Alexandra Baker – the Founder and Adviser of Sales for Startups, spoke with the Sales Health Institute to share her story and best practices for managing Mental Health in sales.
Sales for Startups was created to help startups scale. Alexandra is currently working with early to late stage start-ups around the world, helping founders build the foundation of a successful sales team.
Why do you think more awareness is needed around Mental Health as it relates to working in Sales?
This is a big topic for me and the short answer is – because there is NO AWARENESS.
When I first started consulting, I thought I would be advising startups on improving sales processes and skills. When I actually started, I realized it was an entire different set of consulting I provided for Founders.
I realized that most people outside of sales had virtually no idea what sales involved. Things which seemed so natural to me, were totally unnatural to others. I took basic principals for granted and things like incentives were revolutionary to these companies.
Leaders who are running companies have little insight into what is involved for a sales person. They have no idea how the pressure impacts the sales team and they have a limited understanding of how to motivate, encourage and set ambitious (yet totally achievable) targets.
Especially in startups, there is no guidelines or baseline measurement. There is simply a target the Founders want to hit or a target investors would like to achieve – but it’s rarely based on anything.
The sales team is often not given any support (sales materials, tools, training, incentives) and expected to save the whole business.
I have seen this break not only the sales team but also the Founders. They have no idea why their sales team is under-performing. As a result, the sales team thinks they are failing, pushed to work harder, but not smarter.
It breaks everyone.
Bottom line – Sales Leaders and CEOs need to be aware of how much sales pressure impacts your body and mental health. This will help them save their own business.
What has been your experience with Mental Health throughout your sales career?
Wow – where do I start? The whole journey has been an extremely emotional roller-coaster.
My first proper sales role was directly out of university. This is where I was properly trained, working in a classic “Boiler Room” sales environment with a low base, high commission pay structure.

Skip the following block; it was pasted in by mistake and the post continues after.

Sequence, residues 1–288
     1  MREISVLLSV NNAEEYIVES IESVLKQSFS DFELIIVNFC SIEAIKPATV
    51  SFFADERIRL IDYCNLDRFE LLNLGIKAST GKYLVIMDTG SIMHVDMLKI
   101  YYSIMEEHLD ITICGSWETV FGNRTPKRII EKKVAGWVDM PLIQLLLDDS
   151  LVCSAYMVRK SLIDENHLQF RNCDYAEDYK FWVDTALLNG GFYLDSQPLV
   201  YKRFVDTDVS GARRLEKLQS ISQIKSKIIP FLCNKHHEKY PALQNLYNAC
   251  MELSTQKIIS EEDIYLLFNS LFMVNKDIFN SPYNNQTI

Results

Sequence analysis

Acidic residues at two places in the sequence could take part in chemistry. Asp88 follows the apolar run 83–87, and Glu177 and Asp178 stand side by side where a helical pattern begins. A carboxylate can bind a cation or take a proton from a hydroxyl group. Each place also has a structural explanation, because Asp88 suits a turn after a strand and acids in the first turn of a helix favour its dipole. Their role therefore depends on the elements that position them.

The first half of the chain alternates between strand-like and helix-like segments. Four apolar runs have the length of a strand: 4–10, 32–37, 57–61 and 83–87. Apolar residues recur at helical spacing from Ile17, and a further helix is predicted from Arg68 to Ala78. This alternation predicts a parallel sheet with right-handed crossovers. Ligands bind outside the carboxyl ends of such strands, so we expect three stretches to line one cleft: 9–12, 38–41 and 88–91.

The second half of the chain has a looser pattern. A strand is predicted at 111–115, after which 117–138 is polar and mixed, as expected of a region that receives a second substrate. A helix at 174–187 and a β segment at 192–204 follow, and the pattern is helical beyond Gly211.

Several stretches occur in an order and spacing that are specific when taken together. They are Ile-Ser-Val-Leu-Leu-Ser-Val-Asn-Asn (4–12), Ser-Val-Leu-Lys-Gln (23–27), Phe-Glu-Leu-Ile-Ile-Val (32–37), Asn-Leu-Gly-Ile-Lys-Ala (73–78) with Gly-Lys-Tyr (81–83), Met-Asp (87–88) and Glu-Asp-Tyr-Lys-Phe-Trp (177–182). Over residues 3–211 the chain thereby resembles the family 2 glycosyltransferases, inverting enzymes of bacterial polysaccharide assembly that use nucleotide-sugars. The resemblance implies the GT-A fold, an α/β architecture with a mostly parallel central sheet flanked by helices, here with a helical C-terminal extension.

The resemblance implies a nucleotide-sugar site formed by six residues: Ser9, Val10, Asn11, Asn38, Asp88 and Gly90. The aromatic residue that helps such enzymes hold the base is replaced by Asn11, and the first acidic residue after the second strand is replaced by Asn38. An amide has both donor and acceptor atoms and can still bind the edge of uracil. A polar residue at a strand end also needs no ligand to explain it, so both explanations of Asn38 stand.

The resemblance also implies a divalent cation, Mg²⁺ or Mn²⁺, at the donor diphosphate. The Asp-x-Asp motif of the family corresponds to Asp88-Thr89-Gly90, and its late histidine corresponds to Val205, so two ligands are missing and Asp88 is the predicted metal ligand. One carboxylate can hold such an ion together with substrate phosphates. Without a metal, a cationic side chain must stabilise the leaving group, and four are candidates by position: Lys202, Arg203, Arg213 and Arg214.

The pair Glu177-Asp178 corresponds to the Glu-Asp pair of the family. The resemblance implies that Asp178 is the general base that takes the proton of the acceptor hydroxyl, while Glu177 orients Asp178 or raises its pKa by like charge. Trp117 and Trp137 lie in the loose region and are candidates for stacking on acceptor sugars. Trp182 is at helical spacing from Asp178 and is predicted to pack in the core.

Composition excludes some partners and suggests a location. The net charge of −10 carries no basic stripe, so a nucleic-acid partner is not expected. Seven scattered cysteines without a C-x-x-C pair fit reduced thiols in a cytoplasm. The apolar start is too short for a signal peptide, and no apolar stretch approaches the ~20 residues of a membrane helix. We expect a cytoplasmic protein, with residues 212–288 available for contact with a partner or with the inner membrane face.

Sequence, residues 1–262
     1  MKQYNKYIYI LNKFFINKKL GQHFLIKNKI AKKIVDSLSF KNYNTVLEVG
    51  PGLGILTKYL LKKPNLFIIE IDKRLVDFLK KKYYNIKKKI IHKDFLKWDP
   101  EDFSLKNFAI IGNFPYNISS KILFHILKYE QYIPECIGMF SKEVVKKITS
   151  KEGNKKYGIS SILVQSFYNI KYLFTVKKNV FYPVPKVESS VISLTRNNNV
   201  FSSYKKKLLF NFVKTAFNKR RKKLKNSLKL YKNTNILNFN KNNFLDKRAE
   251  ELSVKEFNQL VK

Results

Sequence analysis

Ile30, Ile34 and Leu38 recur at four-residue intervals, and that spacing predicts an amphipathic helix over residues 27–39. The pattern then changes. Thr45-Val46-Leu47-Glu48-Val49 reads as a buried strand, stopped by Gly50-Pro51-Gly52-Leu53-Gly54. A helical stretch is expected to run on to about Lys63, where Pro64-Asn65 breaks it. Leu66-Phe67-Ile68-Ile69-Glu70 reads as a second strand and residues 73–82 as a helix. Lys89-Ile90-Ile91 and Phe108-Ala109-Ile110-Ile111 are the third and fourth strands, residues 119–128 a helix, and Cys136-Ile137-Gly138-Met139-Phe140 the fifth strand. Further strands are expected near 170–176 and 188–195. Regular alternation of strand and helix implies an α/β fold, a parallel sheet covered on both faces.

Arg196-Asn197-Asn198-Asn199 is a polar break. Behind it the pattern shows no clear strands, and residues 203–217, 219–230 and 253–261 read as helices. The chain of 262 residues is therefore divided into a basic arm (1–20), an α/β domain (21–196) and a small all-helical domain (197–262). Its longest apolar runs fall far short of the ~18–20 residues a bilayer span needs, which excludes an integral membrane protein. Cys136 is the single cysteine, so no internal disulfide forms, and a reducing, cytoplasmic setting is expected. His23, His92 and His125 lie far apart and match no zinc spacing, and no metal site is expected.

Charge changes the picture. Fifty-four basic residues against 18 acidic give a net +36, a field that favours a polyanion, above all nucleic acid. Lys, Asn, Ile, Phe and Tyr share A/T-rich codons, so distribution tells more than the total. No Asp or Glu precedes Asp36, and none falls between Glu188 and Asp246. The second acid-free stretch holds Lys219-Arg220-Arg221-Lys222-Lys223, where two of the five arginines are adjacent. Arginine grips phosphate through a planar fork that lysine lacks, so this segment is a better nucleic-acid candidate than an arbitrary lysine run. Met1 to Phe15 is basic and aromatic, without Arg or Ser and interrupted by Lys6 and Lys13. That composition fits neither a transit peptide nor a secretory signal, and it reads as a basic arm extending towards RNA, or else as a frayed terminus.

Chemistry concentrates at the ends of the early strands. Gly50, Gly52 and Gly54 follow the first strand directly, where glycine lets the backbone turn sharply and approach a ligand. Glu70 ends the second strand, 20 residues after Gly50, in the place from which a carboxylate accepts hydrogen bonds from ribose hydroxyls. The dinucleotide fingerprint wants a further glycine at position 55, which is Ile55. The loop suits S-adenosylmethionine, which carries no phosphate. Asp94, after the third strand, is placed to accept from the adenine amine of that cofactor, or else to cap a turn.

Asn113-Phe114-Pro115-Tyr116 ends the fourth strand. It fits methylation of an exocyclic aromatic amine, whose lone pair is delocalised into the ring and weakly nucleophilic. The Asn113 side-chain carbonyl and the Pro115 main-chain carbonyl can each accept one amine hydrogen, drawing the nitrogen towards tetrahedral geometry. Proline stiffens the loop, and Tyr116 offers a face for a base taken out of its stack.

It was extremely competitive, people getting hired and fired every week, no job security and if you didn’t sell, you were let go.
Surprisingly, the firing wasn’t necessarily the worst thing – it was the peer pressure around you to perform. I was one of the only women in the company, which seemed normal and didn’t bother me. I was extremely motivated to do prove myself as a girl and outperform a male dominated office.
This environment brought a slew of mental health challenges I was not expecting and had to overcome.
When I did well, my male colleagues would tell me it was because I was a woman (our audience was men). When I did not do well, I was told it was because I was a woman who the audience didn’t respect. Therefore I had this weird mental roadblock where I was trying to improve my skills, but then also felt my performance was not something I could control.
I tried the flirty thing, I tried the bossy thing, I tried a million different techniques to ensure I could “figure it out”. Trying to figure out if my peers were right about me being a woman and if it had anything to do with my success or failure.
This was a distraction, because it clearly had nothing to do with it at all. I eventually understood this, but this alone was a very intense emotional roller-coaster for my Mental Health.
I figured out that I did better when I applied more skill on my sales calls. The more prepared I was for the call and the more I researched the industry and the product. The more I studied sales techniques. All of these parts set me up for success. Therefore I went from stressing about being a woman in sales to becoming obsessed with working: learning, researching, lead sourcing, anything.
I consistently worked on Sundays – all day. I would have anxiety about not doing enough. It would be on my mind 24/7. I would get a knot in my stomach if I wasn’t early for work and stayed late. If I did not have 100 new leads each week, I would snap at my boyfriend for distracting me from my work. I would also read every book on sales and treat them like text books. Highlighting and rewriting pitches constantly.